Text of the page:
Study characteristics of the nine included studies are given in Table 1. The included studies represented a total number of 2,490 patients with uncomplicated diverticulitis. Of these patients, 1,468 patients (59.0 %) underwent subsequent colonoscopy. Follow-up by barium enema or CT colonography was performed in 75 patients (3.0 %). Reasons for not performing colonoscopy were only mentioned in one study [23], which included a total number of 284 patients with uncomplicated diverticulitis. These reasons were severe comorbidity in combination with high age (n = 5), treating physician deemed colonoscopy not to be warranted (n = 44), and colonoscopy being planned outside the study period or in another hospital (n = 5). Of the 1,022 patients (41 %) with no record of colonic evaluation, two studies evaluated 751 patients (73 %) by searching national cancer registries for the occurrence of CRC up to 1 year after an episode of uncomplicated diverticulitis [26, 27]; Table 2.
Table 1

Basic characteristics of the studies included

Author, year, country [reference]

Study design

No. of patients included

No. of patients with uncomplicated diverticulitis

Age (yr) total cohort

Diagnostic modality

CEBM level

Duration of study

Comments

Ahmeidat et al., 2012, UK [21]

Retrospective cohort study

92

56

Mean age 61 (range 19–92) Uncomplicated diverticulitis: Mean age 60 (range 31–88)a

Abdominal CT scan

Level 3/4

20 months

Conference abstract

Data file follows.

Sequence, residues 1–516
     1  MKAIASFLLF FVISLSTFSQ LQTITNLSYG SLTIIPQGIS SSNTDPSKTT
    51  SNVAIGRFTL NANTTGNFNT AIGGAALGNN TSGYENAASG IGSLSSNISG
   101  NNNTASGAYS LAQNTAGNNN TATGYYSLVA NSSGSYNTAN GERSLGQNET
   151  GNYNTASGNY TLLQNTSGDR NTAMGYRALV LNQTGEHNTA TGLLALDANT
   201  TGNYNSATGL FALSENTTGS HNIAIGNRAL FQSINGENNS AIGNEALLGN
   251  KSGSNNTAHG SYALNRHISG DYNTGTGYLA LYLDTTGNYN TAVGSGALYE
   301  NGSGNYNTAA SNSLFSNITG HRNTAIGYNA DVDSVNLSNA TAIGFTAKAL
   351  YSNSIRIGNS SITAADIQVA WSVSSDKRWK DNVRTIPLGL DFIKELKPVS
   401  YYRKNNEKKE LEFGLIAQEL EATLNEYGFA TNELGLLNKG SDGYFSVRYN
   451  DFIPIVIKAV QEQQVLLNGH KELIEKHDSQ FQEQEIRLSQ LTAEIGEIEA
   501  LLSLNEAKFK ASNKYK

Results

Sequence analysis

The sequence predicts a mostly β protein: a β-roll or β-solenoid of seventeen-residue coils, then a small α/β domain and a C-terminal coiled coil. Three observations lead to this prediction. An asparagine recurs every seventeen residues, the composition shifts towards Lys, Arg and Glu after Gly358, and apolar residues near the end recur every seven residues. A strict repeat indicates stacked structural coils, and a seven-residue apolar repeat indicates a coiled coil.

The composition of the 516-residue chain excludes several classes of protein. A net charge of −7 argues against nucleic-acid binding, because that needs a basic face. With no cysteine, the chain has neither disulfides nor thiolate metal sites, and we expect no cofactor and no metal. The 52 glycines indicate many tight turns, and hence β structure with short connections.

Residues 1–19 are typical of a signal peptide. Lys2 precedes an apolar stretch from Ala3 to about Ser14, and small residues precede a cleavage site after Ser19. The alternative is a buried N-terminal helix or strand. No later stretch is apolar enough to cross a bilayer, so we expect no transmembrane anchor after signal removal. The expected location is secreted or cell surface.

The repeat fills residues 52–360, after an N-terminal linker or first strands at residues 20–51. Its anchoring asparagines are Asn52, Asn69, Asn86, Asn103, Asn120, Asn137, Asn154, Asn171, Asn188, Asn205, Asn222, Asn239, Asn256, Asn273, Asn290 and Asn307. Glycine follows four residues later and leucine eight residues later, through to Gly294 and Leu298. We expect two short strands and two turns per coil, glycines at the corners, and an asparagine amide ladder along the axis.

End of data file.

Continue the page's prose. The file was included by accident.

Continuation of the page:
Alexandersson et al., 2012, Iceland [22]

Cohort study

118

118

Median age 57 (IQR 50–67) years

Abdominal CT scan

Level 3

15 months

Conference abstract

Van de Wall et al., 2012, The Netherlands [23]

Retrospective single centre cohort study

307

284

Mean age 57.4 (SD 13.2) in patients who underwent endoscopy, 59.6 (SD 14.5) in patients without endoscopy

Abdominal CT scan or ultrasonography

Level 3

3-year study interval

 

Schout et al., 2012, The Netherlands [24]

Retrospective single centre cohort study

422

422

Mean age 63 (range 31–95 yr)a

Abdominal CT scan or ultrasonography

Level 3

10-year study interval

 

Schmilovitz-Weiss et al., 2012, Israel [25]

Retrospective single centre cohort study

200

186

Mean age 61.97 ± 11.56 years (in patients with uncomplicated diverticulitis)

Total cohort:

Mean 61.8 (SD 14.3)

Abdominal CT scan in 84.5 % of all patients

Level 3

7-year study interval

 

Lau et al., 2011, Australia [26]

Retrospective multi-centre cohort study

1088

931a

Uncomplicated diverticulitis: Mean 59 (range 20-100)

Total cohort:

59.8 (SD 15.2)

Abdominal CT scan

Level 3

7-year study interval